Dive photos reveal what is worth protecting

29 Dec 2012

Paul Kay - marine wildlife photographerMarine wildlife photographer Paul Kay explains why he sees underwater photography as an important tool for helping to protect and recover Scotland’s seas.

I contributed images to the Save Scottish Seas campaign, because I believe passionately that we have got to do everything in our power to safeguard our marine wildlife for future generations.

In just 30 years – the length of time I have been taking underwater photographs – I have been privileged to explore many parts of Scotland’s incredibly diverse seas, from sheltered sea-lochs to the most exposed islands and stacs around St Kilda. In that time I have seen many amazingly beautiful creatures and spectacular underwater scenery. Despite Scottish seas being cold they have areas of world-class marine life and habitats.

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Paul Kay supplied this photograph of Nephrops norvegicus beside its burrow for the Save Scottish Seas campaign.

Sadly I have also seen areas which have been damaged or used badly too. It is essential to appreciate that, whilst out of sight, our marine environment is an extremely important part of our world. This is not just because I am environmentally aware, but because we depend on it for food – and many do so for their livelihoods.

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Paul Kay supplied this photograph of Sea loch anenomes and brittlestars for the Save Scottish Seas campaign.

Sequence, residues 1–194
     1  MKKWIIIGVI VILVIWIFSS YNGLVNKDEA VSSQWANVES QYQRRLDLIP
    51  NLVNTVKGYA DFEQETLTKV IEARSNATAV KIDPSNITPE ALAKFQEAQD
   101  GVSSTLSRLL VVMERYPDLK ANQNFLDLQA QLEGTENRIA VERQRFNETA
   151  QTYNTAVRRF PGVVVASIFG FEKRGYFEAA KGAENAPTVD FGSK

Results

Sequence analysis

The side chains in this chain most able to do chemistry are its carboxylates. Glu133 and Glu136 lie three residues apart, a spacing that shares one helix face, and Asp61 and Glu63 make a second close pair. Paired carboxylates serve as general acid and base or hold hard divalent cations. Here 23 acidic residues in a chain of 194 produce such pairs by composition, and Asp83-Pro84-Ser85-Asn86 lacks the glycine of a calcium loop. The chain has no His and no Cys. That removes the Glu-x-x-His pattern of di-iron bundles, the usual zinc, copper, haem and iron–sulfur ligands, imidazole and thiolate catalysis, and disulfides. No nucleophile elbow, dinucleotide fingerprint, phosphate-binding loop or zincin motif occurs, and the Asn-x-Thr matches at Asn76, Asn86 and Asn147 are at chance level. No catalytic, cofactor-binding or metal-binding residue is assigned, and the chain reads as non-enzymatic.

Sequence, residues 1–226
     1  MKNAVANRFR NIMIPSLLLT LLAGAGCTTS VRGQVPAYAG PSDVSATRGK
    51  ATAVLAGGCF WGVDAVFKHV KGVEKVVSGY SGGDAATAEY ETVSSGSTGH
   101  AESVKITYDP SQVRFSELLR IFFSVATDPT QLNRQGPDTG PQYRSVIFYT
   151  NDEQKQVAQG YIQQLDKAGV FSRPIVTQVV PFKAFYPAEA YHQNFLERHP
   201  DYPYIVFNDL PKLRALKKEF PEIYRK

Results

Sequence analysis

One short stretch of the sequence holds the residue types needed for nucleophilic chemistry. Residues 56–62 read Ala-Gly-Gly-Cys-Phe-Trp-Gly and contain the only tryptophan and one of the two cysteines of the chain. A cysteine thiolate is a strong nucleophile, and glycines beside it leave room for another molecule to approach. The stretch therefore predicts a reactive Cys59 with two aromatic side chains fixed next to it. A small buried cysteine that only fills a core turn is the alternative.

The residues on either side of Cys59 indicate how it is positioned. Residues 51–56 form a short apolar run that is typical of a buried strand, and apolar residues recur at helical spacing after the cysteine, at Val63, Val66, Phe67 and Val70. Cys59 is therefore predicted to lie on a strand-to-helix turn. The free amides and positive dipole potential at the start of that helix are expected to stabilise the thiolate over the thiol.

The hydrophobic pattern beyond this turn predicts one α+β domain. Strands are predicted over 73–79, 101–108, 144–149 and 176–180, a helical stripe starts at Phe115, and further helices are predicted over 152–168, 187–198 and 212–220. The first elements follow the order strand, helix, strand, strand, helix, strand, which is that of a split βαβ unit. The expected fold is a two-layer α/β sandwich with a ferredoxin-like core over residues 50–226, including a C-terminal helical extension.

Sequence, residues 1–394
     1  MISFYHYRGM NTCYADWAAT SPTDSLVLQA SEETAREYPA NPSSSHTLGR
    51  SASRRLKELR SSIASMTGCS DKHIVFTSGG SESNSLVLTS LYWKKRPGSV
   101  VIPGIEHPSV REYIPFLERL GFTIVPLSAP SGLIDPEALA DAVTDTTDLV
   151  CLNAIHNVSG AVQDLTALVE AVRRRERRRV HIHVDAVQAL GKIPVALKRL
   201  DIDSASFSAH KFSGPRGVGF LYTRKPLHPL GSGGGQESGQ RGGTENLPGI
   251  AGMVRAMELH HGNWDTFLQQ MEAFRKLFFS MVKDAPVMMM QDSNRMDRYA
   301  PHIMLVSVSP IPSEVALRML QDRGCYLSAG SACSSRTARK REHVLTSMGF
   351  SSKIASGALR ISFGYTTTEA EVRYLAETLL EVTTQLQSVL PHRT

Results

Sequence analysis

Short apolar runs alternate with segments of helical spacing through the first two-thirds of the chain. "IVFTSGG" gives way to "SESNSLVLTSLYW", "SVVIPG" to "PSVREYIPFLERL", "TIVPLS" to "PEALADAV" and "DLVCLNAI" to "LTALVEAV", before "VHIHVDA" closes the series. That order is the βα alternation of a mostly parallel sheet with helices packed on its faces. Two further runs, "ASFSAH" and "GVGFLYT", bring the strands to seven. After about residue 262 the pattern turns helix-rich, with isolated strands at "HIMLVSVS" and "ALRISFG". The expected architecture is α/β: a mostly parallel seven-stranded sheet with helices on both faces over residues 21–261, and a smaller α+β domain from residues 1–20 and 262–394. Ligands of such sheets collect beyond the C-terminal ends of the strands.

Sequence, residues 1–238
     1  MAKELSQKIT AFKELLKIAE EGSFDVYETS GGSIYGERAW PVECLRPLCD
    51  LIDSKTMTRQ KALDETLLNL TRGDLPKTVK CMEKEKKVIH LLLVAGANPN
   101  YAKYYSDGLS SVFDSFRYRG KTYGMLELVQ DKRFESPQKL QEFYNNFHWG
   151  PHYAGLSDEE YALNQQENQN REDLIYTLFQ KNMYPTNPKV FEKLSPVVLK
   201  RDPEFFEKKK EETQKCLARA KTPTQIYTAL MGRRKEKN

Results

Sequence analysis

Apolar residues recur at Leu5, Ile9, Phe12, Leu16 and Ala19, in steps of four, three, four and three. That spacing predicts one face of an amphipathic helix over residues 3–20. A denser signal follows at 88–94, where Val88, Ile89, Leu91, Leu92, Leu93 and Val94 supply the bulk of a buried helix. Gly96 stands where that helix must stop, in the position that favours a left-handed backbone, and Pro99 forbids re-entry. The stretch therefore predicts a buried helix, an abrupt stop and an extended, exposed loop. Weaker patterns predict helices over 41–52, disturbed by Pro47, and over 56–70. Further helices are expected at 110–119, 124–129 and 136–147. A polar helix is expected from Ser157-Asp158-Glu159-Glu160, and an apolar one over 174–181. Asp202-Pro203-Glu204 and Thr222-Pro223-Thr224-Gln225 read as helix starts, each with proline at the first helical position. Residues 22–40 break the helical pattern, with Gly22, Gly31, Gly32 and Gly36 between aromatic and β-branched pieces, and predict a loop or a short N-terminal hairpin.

I think photos are an important tool for showing what goes on under the surface. Just as we would never know what the surface of the moon looks like unless we’d been there and taken photographic evidence, our seabeds are just as mysterious to us without pictures to illuminate their wonder. Although it is sometimes difficult for me to imagine, the vast majority of people will probably never dive beneath the surface of Scotland’s rich seas and will never see them firsthand. But whether you visit a kelp forest or a local wood, I think we all collectively take tremendous strength from simply knowing that our seas are healthy and rich in sealife.

Marine Protected Areas are one step towards helping secure a future for our seas, increasingly under pressure from human activities, in a way that balances everyone’s interests for the long-term.

Paul Kay is based on the North Wales coast and undertakes photographic work throughout the UK and beyond. www.paulkayphotography.co.uk

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